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Limit of a function

  1. Jan 21, 2012 #1
    1. The problem statement, all variables and given/known data
    http://www4b.wolframalpha.com/Calculate/MSP/MSP10351a01a355263db6f2000030459ebe888feb73?MSPStoreType=image/gif&s=10&w=131&h=41 [Broken]
    I know the answer, but I don't know how to get it.

    2. Relevant equations
    If picture doesn't work: limit x->1 (x-1)/((square root(x+3) - 2)

    3. The attempt at a solution
    I know that when you plug in 1, the answer becomes 0/0, which means I need to factor. I don't know how to factor this equation, though.
    Last edited by a moderator: May 5, 2017
  2. jcsd
  3. Jan 21, 2012 #2
    http://www.mathway.com/math_image.aspx?p=SMB02LSMB03x:1,SMB02FSMB03x-1SMB10SMB02RSMB03x+3SMB02rSMB03-2SMB02fSMB03SMB02lSMB03?p=93?p=46 [Broken]

    If this is the equation, the limit does not exist, the answer should be DNE! The way you do it is basically plug in 1 and then you will get 0 on the top and basically it won't exist.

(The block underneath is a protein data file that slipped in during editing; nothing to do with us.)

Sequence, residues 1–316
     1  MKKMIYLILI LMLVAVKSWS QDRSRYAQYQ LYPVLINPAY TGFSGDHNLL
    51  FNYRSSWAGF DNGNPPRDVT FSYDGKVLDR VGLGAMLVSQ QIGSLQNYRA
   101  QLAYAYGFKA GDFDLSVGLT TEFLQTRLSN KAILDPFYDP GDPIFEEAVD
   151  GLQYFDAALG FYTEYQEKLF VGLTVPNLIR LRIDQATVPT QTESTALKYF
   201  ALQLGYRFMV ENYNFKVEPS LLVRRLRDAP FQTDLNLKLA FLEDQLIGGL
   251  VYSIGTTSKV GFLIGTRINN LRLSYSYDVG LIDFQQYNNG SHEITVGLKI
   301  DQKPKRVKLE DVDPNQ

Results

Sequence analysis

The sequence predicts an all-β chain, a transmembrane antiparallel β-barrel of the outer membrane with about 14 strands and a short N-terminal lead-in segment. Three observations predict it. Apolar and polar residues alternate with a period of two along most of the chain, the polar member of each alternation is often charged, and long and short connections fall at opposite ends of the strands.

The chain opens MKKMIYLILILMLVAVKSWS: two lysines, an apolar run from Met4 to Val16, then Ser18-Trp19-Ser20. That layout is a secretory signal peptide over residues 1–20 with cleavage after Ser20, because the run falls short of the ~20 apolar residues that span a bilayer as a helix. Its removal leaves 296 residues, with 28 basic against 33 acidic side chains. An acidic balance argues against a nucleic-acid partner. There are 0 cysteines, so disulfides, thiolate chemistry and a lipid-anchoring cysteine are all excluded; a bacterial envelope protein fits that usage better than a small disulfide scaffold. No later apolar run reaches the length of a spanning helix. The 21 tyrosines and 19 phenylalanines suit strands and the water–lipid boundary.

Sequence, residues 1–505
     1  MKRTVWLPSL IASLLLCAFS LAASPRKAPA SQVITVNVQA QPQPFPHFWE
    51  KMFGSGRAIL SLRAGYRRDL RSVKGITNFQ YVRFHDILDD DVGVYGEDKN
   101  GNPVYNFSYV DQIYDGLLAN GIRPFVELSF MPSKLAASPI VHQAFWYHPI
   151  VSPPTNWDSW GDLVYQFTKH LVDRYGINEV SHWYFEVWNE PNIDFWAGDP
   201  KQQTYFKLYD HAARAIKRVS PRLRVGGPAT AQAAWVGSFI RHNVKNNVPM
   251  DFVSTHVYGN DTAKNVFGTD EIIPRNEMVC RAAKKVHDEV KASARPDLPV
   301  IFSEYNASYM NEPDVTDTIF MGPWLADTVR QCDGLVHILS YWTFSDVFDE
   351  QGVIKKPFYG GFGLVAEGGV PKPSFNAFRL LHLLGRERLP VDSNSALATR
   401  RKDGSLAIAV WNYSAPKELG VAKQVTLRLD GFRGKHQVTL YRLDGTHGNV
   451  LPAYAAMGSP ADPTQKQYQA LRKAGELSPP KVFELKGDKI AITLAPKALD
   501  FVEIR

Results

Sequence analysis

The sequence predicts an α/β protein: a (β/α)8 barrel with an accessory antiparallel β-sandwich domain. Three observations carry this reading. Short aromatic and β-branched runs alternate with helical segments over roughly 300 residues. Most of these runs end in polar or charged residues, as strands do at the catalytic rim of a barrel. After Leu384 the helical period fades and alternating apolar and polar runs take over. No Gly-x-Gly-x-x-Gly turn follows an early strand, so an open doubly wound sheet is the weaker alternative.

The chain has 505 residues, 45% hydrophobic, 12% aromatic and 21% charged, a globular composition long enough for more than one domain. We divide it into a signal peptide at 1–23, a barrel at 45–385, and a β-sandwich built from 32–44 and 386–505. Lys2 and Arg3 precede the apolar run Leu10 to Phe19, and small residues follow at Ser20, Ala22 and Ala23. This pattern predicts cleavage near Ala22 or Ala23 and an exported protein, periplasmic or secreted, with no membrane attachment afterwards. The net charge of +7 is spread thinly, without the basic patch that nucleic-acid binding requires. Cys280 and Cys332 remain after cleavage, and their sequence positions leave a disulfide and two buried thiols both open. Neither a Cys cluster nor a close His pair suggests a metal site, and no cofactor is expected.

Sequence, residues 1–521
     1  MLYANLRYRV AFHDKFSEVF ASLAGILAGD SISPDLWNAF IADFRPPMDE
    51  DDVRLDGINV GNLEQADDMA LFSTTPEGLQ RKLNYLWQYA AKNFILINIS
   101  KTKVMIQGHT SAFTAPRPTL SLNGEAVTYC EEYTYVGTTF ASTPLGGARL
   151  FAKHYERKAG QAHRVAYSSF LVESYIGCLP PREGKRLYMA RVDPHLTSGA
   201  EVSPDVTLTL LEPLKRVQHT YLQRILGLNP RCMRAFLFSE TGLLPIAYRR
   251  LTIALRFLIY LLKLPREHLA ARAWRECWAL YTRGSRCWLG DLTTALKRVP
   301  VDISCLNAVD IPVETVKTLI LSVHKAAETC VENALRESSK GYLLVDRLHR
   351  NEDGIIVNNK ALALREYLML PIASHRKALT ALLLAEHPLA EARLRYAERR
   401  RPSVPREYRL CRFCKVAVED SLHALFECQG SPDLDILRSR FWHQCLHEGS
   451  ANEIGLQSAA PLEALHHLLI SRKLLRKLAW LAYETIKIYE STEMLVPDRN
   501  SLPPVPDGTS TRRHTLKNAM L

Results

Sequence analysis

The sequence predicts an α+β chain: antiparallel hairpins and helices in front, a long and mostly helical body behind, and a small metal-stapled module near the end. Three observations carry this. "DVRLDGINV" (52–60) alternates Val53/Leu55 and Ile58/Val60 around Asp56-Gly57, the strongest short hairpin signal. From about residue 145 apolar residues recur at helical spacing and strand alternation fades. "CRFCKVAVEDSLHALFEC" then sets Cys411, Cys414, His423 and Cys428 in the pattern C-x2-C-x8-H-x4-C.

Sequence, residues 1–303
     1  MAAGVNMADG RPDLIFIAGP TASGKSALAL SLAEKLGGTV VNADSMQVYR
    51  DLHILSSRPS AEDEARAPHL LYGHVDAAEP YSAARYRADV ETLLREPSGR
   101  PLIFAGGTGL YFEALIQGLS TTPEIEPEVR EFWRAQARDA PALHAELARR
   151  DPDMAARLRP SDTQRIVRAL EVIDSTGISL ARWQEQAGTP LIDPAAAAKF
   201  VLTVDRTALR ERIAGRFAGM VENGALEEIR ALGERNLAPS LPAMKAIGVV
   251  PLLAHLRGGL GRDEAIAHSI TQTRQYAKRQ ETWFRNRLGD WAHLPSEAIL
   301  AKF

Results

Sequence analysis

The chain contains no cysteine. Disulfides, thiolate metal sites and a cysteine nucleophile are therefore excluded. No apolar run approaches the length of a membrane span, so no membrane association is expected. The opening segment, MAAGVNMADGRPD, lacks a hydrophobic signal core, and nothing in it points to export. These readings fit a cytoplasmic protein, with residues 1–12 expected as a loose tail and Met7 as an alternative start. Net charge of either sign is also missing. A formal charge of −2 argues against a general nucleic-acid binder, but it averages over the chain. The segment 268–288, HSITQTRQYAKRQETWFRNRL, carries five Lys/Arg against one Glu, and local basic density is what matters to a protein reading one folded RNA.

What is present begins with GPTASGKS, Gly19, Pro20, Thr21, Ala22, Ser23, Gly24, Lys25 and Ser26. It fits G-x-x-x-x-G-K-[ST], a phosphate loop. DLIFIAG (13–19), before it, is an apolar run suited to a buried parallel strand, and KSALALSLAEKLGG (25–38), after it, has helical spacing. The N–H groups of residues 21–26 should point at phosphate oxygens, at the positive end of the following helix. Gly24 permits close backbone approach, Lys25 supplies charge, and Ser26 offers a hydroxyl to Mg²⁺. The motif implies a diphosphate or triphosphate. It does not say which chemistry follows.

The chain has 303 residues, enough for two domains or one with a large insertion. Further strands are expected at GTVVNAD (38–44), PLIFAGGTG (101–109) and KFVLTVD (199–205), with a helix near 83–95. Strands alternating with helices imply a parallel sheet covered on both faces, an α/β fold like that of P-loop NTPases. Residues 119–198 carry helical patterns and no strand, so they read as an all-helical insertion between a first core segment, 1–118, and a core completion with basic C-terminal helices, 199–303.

Last edited by a moderator: May 5, 2017
  4. Jan 21, 2012 #3
    This function definitely HAS a limit as x approaches 1. Just because it evaluates as 0/0 does not necessarily mean the limit does not exist. Instead, you can use other methods like multiplying by a conjugate, factoring, L'Hôpital's Rule, etc.

    with that being said, you could use L'Hôpital's Rule, but I'd recommend multiplying by the conjugate as sheriff89 said.
    Last edited by a moderator: May 5, 2017
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